Our dog did not start behaving in a more mature way until she was just over 18 months, so maybe your dog is still too young, see if you can re-evaluate in 3-4 months. Sorry you felt embarrassed, can't help but think your dog must have looked kind of cute playing in the snow though.
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Old 12-20-2012, 05:44 PM   #16 (permalink)
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Males tend to mature later - 2 years or even older. My male didn't really mature mentally until almost 3 years of age.
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Old 12-20-2012, 06:23 PM   #17 (permalink)
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no expert here, but I wouldn't be to quick to wash him out..I'd give him another 10 months and re-evaluate.
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Old 12-20-2012, 06:27 PM   #18 (permalink)
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in 10 months he would be too old - 25 months -- the OP should have a frank talk with the evaluator , give him one or two months and then "appeal" and have him run through again .
Detection - same thing the dog has to have focus and not be distracted by things in the environment -- nor can he give false indications -- some lines do mature more slowly but they still have the basics there - just they keep getting better and better .
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Old 12-21-2012, 02:20 AM   #19 (permalink)
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Quote:
Originally Posted by WorkingK9 View Post
So my work has me brushing up training on a 15 month old GSD for patrol work. He is great on agility, bite work, scent detection, and obedience. Here's the problem: this dog performs near perfect obedience for me for the last 3 months, we think he is ready to go through his validation so we go ahead and book him.
The day of his test we have a big snowfall. The test is outside and the dogs are required to sit and lie down in the wet snow as part of their obedience evaluation. The moment I unhook his leash for an off-leash heel, he bolts and runs off to play in the snow. Calling him did no good, telling him to "down" was ignored.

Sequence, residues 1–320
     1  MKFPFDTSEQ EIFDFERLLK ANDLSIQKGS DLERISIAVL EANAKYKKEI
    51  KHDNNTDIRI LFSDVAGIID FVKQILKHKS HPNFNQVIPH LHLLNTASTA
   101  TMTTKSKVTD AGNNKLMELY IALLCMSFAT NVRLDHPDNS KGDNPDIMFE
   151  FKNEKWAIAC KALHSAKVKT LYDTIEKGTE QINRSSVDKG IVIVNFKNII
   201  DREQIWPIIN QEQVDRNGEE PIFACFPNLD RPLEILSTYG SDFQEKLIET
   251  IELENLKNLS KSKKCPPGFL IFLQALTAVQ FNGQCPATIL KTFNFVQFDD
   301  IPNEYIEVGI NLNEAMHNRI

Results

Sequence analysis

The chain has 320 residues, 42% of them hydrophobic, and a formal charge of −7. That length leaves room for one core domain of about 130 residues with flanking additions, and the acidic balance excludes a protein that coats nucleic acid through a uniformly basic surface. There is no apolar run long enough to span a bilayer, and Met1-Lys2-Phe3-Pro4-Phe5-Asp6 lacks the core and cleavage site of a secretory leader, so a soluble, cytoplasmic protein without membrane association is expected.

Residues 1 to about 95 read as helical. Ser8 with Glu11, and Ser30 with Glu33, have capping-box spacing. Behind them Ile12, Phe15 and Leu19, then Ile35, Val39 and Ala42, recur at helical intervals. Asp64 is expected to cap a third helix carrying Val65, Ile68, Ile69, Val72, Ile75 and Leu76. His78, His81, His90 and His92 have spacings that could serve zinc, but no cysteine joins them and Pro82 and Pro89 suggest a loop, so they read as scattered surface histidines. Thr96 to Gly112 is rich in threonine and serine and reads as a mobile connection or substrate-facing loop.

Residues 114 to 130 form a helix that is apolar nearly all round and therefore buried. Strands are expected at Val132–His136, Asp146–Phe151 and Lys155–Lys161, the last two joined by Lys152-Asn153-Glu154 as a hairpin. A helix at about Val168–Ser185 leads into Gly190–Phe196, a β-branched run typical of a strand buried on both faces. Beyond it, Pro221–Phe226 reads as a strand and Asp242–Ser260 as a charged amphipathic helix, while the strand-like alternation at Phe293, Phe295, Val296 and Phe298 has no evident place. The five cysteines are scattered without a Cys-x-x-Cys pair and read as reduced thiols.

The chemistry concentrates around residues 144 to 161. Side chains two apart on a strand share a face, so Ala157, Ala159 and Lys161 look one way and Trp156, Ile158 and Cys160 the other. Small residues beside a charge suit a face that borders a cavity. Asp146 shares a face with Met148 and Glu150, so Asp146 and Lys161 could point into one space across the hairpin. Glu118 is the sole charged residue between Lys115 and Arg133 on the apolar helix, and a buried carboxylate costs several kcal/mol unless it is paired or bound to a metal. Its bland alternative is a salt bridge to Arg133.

The tester said this dog is completely immature and has no respect for me. I dont understand how a dog that performs almost perfectly for me for several months can do a 180 just because of a little enviornmental hicup. The tester hinted that this dog is unbalanced and unsuitable for patrol work as he cannot be completely trusted, I feel he may be right.
I felt like he embrassed me on purpose and has no respect for me at all even though he has been part of my family for 5 months. I have been through 5 validation tests with 4 different dogs and never had an issue until now. Should I just call it quits with this dog?
Where were you doing OB that the dog was "nearly perfect"?

Was it in brand new environments and with heavy distractions around? That can make a HUGE difference in their behavior.

So could be the dog genetically is really not suitable OR it might be the training and esp. the "Proofing" that the dog has undergone.
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Old 12-21-2012, 02:43 AM   #20 (permalink)
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I give this dog daily play time off leash where he can run and play for about an hour with me, he has never run off then and is always the first back to my car where he waits for me to open his kennel. I know that dogs don't have human traits and don't plan to embarass their handlers but as the validator said "this dog basically told you to F off today, he has no respect". I have been told that I was not firm enough with him. I feel I was though and he doesn't respond well to other trainers. He certainly wasn't spoiled though, he has one toy that I keep and is kennel kept when home, and is not allowed to play with the other dogs, as instructed.
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This might seem like a totally weird question. BUT, how often does he get to cut loose completely and just be a dog and PLAY? And have you ever worked in him snow?

He's still a young dog, and it sounds like he's a very busy dog too. He has a mind and life of his own, you cannot expect him to be your robot - meaning he's going to do what he wants sometimes, not what you want. He didn't do this to hurt your feelings. It drives me nuts when people try to blame the dogs behavior on revenge, dogs don't do that! I can't tell you how many times I've told people their dog didn't poop in the house because you went on a date and he was jealous, the dog didn't go sniff your BFFs crotch to embarrass you, the dog didn't ignore you at a park and go pick a fight because you hurt his feelings earlier. Dogs don't plan out things to hurt you.